Mike Leigh is apparently known for capturing authentic slices of the lives of Londoners and judging by this film his reputation is well deserved. English eccentricities abound but never devolve into caricature.
The story is told in four sections, for each of the seasons of the year. We first encounter Tom and Gerri working the soil in their "allotment," their tiny plot in a communal garden. They work together in harmony here, as they do in the kitchen and seemingly everywhere, but the careful way in which they tend to their garden season by season is a beautiful metaphor for the way in which they have cultivated their own marriage relationship and the fruit it has borne. The film attempts to illustrate this point by introducing in the final section, the winter season, Tom's brother Ronnie Hepple whose wife has just died. We are quick to learn that Ronnie's marriage was not of the same sort as Tom's. Both brothers have only one son, and Tom and Gerri's 30-year-old Joe dutifully reports with his family to visit Ronnie in his grief, but Ronnie's own son, Carl, unseen for two years, is nowhere to be found until the priest pronounces the final prayer book funeral benediction. He arrives only to argue with his father and the rest of the small group of mourners, an angry man and the product of an unhappy union. Likewise, aside from Tom, Gerri and Joe, only three mourners show up for Ronnie's wife's funeral, and his home is nothing like the haven of the other Hepple brother.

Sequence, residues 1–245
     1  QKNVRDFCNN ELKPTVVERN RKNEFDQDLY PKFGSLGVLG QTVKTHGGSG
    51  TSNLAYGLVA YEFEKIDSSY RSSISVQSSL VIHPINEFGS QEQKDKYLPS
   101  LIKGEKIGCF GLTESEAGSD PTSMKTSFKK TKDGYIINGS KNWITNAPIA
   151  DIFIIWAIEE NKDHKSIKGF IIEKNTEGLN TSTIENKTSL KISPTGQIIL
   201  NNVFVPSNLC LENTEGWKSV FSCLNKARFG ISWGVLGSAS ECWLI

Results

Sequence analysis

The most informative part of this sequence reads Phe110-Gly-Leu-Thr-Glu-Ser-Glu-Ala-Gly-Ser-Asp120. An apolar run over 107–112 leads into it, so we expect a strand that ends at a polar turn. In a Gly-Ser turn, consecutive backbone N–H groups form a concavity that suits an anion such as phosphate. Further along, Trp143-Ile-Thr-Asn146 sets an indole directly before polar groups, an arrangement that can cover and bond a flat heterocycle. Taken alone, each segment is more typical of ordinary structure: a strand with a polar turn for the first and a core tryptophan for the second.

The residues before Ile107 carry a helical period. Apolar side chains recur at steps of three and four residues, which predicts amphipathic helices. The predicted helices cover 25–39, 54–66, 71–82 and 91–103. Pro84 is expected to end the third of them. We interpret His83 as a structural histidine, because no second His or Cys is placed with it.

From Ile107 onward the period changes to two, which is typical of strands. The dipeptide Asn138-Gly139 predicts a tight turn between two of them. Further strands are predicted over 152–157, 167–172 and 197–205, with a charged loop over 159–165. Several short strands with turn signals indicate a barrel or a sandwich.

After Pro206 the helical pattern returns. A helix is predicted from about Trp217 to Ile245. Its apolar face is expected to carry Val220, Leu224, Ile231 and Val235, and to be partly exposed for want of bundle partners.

The film is a beautiful picture of a happy marriage, the easy companionship it brings, and the attraction it holds for others. We are never let too far inside this contented couple's lives, and whatever difficulties they weathered on the road to such tranquility are hidden from our view. But we see the pull of a home filled with love and acceptance, with people who truly know each other and live in harmony. Such a place is indeed a sanctuary, and a picture of what so many long for and of what the family is meant to be.